9.4. In this case it was not lawful for the Claimant to process any data using ANPR camera systems upon which it relied for the entire ticketing regime, due to its failure to meet its specific legal obligations as a data processor of ANPR information. The collection of the information was unlawful; breaching principle one of the DPA.

    9.5. To add weight, the Defendant also cites from “ParkingEye Ltd v Somerfield Stores Ltd” [2012] EWCA Civ 1338, which concerns an alleged illegal contract involving a similar BPA member parking firm. Whilst the facts of that case are not relevant, the Judge's comments at paragraph 29 of the Transcript of the “Somerfield” case are of importance: ''At common law, historically, a distinction has been drawn between cases where the guilty party intended from the time of entering the contract unlawfully and cases where the intention to perform unlawfully was only made subsequently''. As has already been stated, in this case the problem arose at (and before) the formation of the alleged contract and was not in relation to any subsequent act. Laws LJ, in Somerfield, concluded that ParkingEye did not have an intention, when creating that contract, to deliberately break the law so the contract was upheld. Differently in this case, it is asserted that the Claimant did deliberately or negligently break the DPA and as it was a BPA member with access to a wealth of DPA compliance information, articles and legal advice, and being a signatory to the KADOE contract with the DVLA, the Claimant cannot be excused from, nor justify, their conduct in failing to meet their legal obligations.

    9.6. At paragraphs 65-74 of the Somerfield transcript, Laws LJ set out three factors which need to be considered in a defence of illegality. The Defendant submits that the key issues in this action are that:

    i) the commission of an illegal wrong being present at the time of entering the contract means that the Claimant will not be able to enforce the contract.

    ii) the illegality is central to the contract and is not merely a minor aspect, thus it should not be held to be too remote so as to render the contract enforceable.

    iii) the nature of the illegality: in this case it was a breach of legal obligations regarding data, and not merely a civil tort as in “Somerfield.” The gravity of the illegality is therefore far greater.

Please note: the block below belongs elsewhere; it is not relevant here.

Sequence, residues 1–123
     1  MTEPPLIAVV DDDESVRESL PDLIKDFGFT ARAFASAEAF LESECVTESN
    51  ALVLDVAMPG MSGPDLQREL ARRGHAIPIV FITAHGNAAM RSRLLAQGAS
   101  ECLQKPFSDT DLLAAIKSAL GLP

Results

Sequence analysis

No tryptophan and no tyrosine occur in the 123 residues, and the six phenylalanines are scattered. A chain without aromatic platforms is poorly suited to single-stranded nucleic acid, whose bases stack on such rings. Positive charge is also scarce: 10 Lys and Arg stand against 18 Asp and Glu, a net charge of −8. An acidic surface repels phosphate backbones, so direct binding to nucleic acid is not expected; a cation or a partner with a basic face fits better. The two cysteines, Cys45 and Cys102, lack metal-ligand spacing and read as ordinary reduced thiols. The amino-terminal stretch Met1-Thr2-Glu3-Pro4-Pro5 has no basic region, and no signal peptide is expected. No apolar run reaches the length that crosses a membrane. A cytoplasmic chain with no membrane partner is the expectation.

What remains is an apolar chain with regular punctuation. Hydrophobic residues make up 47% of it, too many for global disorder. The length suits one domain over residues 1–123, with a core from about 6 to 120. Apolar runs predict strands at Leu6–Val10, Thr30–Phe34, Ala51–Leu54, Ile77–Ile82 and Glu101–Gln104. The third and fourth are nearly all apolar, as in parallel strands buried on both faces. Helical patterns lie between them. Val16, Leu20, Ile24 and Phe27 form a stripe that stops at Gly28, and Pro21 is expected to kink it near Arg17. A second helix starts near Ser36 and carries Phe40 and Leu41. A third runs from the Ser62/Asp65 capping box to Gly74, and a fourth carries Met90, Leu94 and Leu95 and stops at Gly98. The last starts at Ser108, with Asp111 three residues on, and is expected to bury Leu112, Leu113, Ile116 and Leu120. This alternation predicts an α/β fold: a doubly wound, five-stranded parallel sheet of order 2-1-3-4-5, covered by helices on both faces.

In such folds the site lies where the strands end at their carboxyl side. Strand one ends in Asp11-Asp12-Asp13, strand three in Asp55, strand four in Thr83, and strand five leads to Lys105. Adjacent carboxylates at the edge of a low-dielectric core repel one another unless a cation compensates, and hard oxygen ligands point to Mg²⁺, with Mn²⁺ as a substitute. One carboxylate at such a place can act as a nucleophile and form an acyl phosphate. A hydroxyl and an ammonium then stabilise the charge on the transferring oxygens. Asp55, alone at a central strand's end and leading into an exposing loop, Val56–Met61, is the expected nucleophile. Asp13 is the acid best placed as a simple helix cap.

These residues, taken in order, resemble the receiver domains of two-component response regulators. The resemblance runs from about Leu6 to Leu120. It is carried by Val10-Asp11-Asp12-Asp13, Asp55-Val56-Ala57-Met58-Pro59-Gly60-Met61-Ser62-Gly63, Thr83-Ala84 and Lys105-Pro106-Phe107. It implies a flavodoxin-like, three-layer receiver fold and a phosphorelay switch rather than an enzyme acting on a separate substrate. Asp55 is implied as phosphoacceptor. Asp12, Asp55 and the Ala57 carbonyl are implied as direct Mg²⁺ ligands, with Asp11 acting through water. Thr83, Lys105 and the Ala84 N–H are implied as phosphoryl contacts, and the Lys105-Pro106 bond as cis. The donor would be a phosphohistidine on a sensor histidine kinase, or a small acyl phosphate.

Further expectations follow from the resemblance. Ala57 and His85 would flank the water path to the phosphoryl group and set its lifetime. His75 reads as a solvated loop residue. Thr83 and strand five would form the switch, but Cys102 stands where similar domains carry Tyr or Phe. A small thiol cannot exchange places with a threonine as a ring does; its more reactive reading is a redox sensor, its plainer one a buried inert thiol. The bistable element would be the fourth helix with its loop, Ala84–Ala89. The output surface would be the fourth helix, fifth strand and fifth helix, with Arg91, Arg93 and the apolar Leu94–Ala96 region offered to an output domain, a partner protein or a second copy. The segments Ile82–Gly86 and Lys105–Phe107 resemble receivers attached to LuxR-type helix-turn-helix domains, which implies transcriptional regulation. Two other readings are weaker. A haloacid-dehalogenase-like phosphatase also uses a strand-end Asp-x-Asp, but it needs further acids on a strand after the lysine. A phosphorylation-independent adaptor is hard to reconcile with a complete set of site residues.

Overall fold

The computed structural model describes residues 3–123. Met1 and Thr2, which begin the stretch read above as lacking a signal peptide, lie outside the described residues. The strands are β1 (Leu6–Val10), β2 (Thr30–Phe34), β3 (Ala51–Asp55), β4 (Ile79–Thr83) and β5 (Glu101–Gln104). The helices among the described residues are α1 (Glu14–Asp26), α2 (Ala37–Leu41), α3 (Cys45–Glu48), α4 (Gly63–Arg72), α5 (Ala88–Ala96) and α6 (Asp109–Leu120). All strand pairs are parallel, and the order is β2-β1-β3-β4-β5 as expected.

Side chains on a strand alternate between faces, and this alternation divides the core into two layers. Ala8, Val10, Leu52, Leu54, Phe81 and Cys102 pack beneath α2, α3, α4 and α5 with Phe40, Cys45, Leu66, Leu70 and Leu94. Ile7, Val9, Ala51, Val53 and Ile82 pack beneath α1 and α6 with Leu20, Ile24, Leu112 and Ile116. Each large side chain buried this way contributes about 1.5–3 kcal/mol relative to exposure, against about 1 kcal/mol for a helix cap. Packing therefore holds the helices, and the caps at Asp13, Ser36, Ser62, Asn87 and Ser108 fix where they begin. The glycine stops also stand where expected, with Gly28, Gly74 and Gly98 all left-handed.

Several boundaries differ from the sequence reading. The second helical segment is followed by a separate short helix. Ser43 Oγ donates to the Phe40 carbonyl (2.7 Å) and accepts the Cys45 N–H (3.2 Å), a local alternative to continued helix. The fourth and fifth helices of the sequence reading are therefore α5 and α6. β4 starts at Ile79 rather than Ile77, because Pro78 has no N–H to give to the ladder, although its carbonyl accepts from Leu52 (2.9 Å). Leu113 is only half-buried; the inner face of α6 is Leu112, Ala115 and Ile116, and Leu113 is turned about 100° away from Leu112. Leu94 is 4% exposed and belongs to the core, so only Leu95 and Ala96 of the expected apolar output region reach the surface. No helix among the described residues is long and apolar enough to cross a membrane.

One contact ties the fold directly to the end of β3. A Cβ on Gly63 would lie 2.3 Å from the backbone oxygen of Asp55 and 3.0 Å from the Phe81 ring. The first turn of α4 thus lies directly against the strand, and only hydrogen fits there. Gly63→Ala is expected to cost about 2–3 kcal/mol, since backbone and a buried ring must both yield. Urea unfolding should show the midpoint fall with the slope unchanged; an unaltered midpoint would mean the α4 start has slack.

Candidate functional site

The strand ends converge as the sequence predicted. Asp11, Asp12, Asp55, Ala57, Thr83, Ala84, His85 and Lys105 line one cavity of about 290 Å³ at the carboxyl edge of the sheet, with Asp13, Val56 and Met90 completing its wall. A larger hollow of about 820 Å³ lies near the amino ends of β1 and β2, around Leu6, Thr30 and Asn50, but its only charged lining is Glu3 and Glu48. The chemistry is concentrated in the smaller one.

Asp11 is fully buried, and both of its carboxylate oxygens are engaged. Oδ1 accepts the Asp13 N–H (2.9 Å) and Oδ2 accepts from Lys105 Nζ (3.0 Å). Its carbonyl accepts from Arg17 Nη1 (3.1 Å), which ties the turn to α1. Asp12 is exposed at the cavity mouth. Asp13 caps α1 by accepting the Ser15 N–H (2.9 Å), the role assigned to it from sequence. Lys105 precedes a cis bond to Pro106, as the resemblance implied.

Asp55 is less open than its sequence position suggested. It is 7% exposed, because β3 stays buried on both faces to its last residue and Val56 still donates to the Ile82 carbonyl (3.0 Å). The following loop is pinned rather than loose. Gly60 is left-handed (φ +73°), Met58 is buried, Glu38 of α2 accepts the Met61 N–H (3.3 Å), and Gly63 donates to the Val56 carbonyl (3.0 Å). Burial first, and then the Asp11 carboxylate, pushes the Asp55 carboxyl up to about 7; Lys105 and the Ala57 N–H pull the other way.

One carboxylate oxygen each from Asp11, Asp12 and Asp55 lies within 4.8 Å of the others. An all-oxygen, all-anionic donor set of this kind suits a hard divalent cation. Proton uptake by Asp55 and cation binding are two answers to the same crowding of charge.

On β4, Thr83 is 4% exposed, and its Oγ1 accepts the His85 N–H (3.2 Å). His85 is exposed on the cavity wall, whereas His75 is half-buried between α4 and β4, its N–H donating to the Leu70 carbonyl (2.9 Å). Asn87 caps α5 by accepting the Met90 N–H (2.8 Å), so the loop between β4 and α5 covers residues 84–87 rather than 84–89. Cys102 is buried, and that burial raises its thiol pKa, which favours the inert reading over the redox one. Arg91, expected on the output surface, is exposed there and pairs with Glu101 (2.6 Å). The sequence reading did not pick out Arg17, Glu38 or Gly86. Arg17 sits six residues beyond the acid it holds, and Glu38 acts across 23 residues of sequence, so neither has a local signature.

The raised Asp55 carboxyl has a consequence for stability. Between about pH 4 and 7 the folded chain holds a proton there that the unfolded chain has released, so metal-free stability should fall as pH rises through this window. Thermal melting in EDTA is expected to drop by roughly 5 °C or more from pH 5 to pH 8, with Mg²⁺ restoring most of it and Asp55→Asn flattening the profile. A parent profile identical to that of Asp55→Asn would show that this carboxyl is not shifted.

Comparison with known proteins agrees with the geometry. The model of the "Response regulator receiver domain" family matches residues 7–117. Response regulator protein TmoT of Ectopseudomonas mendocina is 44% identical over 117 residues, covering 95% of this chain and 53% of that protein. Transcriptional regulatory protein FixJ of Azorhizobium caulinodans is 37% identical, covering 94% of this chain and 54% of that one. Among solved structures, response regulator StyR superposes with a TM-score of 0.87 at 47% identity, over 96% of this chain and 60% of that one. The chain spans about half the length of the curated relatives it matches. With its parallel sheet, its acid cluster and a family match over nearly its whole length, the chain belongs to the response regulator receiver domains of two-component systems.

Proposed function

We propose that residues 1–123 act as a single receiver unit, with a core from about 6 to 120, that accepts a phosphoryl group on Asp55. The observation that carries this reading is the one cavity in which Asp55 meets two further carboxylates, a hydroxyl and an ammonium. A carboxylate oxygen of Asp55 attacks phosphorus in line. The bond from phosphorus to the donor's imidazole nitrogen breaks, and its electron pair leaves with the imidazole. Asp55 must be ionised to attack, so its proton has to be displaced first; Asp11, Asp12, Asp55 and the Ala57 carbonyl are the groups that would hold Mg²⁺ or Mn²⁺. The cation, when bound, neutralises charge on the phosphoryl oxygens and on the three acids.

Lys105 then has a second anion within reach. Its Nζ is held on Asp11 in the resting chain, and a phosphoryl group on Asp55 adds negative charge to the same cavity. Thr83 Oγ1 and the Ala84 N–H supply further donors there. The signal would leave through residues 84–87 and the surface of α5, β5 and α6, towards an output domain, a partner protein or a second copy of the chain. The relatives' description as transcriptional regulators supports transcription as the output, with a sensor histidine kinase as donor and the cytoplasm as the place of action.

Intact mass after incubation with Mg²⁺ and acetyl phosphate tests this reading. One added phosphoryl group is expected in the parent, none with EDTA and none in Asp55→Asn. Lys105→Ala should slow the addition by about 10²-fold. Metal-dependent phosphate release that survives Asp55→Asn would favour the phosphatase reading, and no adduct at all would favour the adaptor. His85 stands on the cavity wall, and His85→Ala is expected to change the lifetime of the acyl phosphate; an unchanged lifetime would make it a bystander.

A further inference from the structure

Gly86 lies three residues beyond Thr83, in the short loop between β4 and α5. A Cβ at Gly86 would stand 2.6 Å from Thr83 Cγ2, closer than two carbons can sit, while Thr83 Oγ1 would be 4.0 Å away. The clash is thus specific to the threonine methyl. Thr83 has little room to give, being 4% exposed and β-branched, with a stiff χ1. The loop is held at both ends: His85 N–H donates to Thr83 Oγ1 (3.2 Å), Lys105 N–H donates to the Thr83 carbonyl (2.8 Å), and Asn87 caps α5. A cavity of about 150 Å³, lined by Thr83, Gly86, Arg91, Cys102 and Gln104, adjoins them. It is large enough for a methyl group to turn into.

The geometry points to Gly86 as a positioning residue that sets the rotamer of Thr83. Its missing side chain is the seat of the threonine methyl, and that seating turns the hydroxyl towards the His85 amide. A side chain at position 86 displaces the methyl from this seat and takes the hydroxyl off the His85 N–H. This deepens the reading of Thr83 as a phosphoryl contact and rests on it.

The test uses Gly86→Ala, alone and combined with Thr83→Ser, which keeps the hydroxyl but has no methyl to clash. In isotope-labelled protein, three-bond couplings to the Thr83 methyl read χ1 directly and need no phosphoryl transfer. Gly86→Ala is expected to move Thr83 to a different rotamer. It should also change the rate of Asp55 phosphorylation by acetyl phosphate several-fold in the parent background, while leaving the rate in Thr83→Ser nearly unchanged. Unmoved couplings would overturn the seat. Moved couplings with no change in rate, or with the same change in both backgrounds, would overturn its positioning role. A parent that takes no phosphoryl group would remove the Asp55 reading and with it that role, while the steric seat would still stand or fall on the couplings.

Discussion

9.7. It should be noted that the issue of breach of the DPA also transgresses the tests of fairness and transparency of consumer contracts, as set out in the Consumer Rights Act 2015, which was enacted after the final hearing in “Beavis”. This charge and use of ANPR by this claimant is both unfair and not transparent and can be fully distinguished from “Beavis”, where none of the issues in the Defendant's points 8 and 9 above were argued.


    10. Due to the sparseness of the particulars, it is unclear as to what legal basis the claim is brought, whether for breach of contract, contractual liability, or trespass. However, it is denied that the Defendant, entered into any contractual agreement with the Claimant, whether express, implied, or by conduct, beyond the agreement to pay the tariff and identify the car registration number, which the defendant carried out.

    11. Further and in the alternative, it is denied that the claimant's signage sets out the terms in a sufficiently clear manner which would be capable of binding any reasonable person reading them. The largest part of the signage says £1 per hour. The rest of the signage is very small.

    12. The terms on the Claimant's signage were also displayed in a font which was too small to be read from a passing vehicle, and were in such a position that anyone attempting to read the tiny font would be unable to do so easily. It is, therefore, denied that the Claimant's signage is capable of creating a legally binding contract. The entrance to the Car Park is from a busy road with an incline with no possibility to stop safely.